Arnold Schoenberg

Austrian-Jewish American composer (1874-1951)
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Arnold Schoenberg (originally written 'Schönberg') (13 September 1874 – 13 July 1951) was an Austrian-born composer. He was known for his twelve-tone system of writing music.

Arnold Schoenberg, Los Angeles, 1948



Schoenberg came from a strict Jewish family who had moved to Austria from Hungary. They were quite poor and Schoenberg taught himself about music. When he was grown up he had to do a lot of teaching to try and earn enough money to live. In later life he went to live in the United States. It took a long time before he was recognized world-wide as a great composer. His two most famous pupils were Alban Berg (1885-1935) and Anton Webern (1883-1945). He taught them how to write twelve-tone music and they became famous composers.

When Arnold Schoenberg was a young man he was living in the late 19th century. If you look at the way composers wrote music at this time you will find that their compositions became more and more chromatic. This means that more and more sharps and flats were used during the piece, and the music went from one key to another (modulated) very quickly. Richard Wagner wrote very chromatic music, especially in his opera Tristan and Isolde.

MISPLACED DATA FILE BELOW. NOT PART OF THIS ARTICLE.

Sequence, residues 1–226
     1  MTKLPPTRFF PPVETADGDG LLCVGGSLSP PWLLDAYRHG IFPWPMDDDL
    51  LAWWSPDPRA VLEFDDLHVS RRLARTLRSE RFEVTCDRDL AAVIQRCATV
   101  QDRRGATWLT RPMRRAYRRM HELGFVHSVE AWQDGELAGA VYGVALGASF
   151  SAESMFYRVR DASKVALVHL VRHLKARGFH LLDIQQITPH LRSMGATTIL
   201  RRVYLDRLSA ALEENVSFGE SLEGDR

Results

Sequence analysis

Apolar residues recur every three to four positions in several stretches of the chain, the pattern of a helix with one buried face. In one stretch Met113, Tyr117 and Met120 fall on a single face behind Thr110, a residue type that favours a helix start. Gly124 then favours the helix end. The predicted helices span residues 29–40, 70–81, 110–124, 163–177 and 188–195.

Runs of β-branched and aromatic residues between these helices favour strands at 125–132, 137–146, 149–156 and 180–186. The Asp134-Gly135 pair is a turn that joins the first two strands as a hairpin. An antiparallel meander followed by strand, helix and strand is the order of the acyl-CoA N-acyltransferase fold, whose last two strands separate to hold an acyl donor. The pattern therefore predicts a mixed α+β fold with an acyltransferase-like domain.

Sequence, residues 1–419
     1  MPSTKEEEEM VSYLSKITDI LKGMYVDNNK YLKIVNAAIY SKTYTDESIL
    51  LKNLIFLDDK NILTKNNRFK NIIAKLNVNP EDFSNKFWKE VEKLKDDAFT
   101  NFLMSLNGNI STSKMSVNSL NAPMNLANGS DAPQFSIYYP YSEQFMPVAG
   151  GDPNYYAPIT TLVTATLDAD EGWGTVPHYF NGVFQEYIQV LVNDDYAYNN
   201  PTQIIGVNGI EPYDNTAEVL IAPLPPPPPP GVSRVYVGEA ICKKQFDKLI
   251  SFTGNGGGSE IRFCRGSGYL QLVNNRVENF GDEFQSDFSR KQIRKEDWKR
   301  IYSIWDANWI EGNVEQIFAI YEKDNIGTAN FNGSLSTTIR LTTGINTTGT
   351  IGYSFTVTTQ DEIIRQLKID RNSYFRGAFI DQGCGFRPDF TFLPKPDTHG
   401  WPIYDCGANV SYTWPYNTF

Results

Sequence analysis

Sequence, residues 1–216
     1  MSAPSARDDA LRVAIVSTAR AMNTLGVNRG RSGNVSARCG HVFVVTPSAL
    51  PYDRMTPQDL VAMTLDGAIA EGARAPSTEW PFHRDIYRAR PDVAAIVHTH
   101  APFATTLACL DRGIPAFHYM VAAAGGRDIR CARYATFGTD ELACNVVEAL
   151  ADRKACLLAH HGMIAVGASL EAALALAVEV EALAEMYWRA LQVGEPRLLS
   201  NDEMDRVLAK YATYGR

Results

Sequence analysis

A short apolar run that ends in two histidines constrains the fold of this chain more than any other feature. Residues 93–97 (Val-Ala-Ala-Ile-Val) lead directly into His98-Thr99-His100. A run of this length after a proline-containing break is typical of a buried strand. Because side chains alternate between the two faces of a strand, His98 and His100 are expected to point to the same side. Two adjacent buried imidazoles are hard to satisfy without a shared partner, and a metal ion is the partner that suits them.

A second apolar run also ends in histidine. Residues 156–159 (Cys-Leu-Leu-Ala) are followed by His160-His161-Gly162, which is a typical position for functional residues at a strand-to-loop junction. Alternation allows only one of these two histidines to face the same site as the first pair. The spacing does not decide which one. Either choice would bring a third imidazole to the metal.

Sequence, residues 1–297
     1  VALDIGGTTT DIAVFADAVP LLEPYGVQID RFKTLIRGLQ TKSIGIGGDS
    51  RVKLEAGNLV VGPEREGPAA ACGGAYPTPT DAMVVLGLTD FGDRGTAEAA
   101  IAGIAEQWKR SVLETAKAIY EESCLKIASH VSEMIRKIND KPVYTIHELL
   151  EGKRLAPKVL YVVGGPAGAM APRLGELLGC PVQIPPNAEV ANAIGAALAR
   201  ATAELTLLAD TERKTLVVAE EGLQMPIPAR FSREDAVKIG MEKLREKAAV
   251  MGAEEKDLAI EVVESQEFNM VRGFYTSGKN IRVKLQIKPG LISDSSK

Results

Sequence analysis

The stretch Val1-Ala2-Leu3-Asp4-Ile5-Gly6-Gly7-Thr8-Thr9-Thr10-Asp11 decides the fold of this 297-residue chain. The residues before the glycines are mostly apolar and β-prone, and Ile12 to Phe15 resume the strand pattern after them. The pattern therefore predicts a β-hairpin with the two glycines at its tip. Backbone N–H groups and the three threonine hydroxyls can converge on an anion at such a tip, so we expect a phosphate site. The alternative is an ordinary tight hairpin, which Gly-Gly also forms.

In 1898 Schoenberg converted to Christianity in the Lutheran church. According to MacDonald, this was partly to connect with Western European cultural traditions, and partly as a means of self-defence "in a time of resurgent anti-Semitism".[1]

In 1933, after long thought, he returned to Judaism, convert by Louis Germain Lévy  [fr]because he realised that "his racial and religious heritage was inescapable",[1] and to take up an unmistakable position on the side opposing Nazism. He would self-identify as a member of the Jewish religion later in life.

Early work


Schoenberg’s early works are mostly Late Romantic. His piece Verklärte Nacht (which can be played by six string instruments or by a whole orchestra) has very beautiful harmonies which go quickly from one key to another. Gradually Schoenberg’s music changed. It became so chromatic that it was no longer in any key at all. Music like this (called “atonal”) is much harder to understand. His Five Orchestral Pieces were played by the conductor Sir Henry Wood at a Promenade Concert in 1912. The audience did not like it at first and took some time to get used to the sound.

Twelve-tone system


In 1923 Schoenberg developed the twelve-tone system for which he is famous. This is music which is based on a particular row of notes. Twelve-tone music is atonal because there is no feeling of being in any key, because of the equal use of every pitch.


  1. 1.0 1.1 MacDonald, Malcolm. 2008. Schoenberg. 2nd ed, The Master Musicians Series, Oxford University Press, p93. ISBN 978-0-19-517201-0; ISBN 978-0-19-803840-5